After a video of an American mother and daughter making a mug of ‘British hot tea’ went viral and caused outrage among Brits, Features asked someone to tell us what makes the perfect brew.
Many may disagree with me, but I feel that the primary, most influential factor in determining one’s success in their tea making is the mug. Not just any old mug. It has to have a firm handle, easy to hold no matter the angle one places their hand in. Sturdy, firm, enough for a sizeable amount of water and milk. With a good mug anything is possible.
Making a cup of tea is like painting a picture. You could have the most expensive canvas, Egyptian fine-haired paint brushes, and vibrant paints, but the outcome could look like a 5-year old attempting a Jackson Pollock piece. It is the same with the art of tea making. You do not need Whittards tea bags or sugar from Selfridges. If it is made with skill, love, and care, that is what you taste.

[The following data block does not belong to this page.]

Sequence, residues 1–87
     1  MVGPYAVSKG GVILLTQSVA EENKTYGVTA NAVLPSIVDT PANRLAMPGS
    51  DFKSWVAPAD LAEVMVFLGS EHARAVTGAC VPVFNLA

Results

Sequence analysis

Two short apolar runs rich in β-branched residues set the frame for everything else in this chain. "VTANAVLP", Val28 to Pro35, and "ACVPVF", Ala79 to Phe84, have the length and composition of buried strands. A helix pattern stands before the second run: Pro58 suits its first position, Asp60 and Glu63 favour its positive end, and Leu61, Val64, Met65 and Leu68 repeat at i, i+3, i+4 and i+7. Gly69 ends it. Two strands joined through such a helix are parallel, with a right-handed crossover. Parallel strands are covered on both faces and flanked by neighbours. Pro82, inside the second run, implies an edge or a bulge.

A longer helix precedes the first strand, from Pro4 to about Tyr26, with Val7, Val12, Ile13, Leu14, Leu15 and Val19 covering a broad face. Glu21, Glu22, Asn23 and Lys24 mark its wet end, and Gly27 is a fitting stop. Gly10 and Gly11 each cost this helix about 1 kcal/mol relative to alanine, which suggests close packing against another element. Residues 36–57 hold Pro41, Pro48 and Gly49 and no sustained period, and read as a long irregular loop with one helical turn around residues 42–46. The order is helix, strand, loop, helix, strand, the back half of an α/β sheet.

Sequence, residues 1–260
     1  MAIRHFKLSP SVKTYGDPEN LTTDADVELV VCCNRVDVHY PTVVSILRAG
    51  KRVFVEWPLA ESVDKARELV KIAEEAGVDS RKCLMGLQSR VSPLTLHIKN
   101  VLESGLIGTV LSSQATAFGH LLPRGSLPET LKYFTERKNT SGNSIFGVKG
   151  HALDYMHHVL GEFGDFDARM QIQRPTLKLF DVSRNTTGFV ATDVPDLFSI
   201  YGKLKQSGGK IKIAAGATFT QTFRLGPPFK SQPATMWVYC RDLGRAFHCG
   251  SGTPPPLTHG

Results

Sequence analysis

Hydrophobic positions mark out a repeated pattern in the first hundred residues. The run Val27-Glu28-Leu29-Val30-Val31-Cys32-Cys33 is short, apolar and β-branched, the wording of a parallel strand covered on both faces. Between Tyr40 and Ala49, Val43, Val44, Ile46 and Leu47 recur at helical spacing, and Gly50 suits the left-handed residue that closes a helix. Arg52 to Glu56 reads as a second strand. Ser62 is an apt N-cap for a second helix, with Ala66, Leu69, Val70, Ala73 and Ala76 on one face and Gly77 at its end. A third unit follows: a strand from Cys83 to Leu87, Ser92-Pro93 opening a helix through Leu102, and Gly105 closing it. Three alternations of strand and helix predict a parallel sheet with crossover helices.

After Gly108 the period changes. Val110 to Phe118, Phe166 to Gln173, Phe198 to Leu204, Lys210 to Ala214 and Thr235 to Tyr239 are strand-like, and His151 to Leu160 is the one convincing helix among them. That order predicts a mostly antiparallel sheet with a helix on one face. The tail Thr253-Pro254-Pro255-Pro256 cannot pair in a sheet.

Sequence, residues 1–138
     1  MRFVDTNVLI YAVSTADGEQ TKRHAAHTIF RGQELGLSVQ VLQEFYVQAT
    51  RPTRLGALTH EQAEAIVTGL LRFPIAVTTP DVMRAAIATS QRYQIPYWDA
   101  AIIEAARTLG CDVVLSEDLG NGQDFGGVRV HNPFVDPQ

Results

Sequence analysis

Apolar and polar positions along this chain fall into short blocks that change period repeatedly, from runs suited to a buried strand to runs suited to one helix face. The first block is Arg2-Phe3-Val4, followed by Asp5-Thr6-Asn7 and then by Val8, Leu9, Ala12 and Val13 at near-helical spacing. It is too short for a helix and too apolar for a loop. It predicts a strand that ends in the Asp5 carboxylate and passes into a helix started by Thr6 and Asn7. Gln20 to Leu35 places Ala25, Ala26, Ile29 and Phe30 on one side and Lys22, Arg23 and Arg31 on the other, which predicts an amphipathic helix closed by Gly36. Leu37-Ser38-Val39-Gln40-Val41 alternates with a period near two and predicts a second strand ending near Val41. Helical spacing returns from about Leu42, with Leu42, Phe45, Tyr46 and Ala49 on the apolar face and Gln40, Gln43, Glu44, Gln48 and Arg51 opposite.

It is a simple procedure. Boil that kettle, enough for 3 mugs (if you do not ask your family if they also want a cup of tea, you obviously were not raised right). Chuck the tea bag into your mug. Water, then milk, then sugar. That is the order. If you disagree then I think you do not deserve to be making a cup of tea. Get that teaspoon, stir, then press the tea bag into the side of the mug to truly get your pennies worth.
Now, onto the accomplice. The side-kick. The best man. You know it, it is dunking time. As someone with a sweet tooth, any form of biscuit is brilliant to me. Bourbon? Why not! Rich tea? Bit soggy but certainly delightful. Hobnob? Go on then. Personally, I am partial to a classic Digestive biscuit – but it has to be the chocolate one. The melted, oozy chocolate from the heat of the tea is a sensation arguably better than getting a first.
Carry your mug into the living room, find the comfiest spot on the sofa, and put your feet up. Enjoy that cuppa, you deserve it.
image: BenjaminNelan via Pixabay